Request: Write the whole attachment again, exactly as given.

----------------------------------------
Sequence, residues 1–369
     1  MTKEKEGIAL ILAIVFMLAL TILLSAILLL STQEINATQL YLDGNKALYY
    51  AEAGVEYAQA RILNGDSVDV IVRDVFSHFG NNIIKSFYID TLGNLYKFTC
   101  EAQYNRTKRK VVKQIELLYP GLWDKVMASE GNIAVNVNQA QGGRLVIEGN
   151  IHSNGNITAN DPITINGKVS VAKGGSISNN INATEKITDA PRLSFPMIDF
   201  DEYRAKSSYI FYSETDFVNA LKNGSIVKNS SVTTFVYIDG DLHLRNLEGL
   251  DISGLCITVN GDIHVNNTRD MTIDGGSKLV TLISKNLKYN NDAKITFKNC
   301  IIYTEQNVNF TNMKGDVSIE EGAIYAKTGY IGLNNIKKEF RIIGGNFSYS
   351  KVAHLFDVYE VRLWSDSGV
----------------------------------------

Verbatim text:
Sequence, residues 1–369
     1  MTKEKEGIAL ILAIVFMLAL TILLSAILLL STQEINATQL YLDGNKALYY
    51  AEAGVEYAQA RILNGDSVDV IVRDVFSHFG NNIIKSFYID TLGNLYKFTC
   101  EAQYNRTKRK VVKQIELLYP GLWDKVMASE GNIAVNVNQA QGGRLVIEGN
   151  IHSNGNITAN DPITINGKVS VAKGGSISNN INATEKITDA PRLSFPMIDF
   201  DEYRAKSSYI FYSETDFVNA LKNGSIVKNS SVTTFVYIDG DLHLRNLEGL
   251  DISGLCITVN GDIHVNNTRD MTIDGGSKLV TLISKNLKYN NDAKITFKNC
   301  IIYTEQNVNF TNMKGDVSIE EGAIYAKTGY IGLNNIKKEF RIIGGNFSYS
   351  KVAHLFDVYE VRLWSDSGV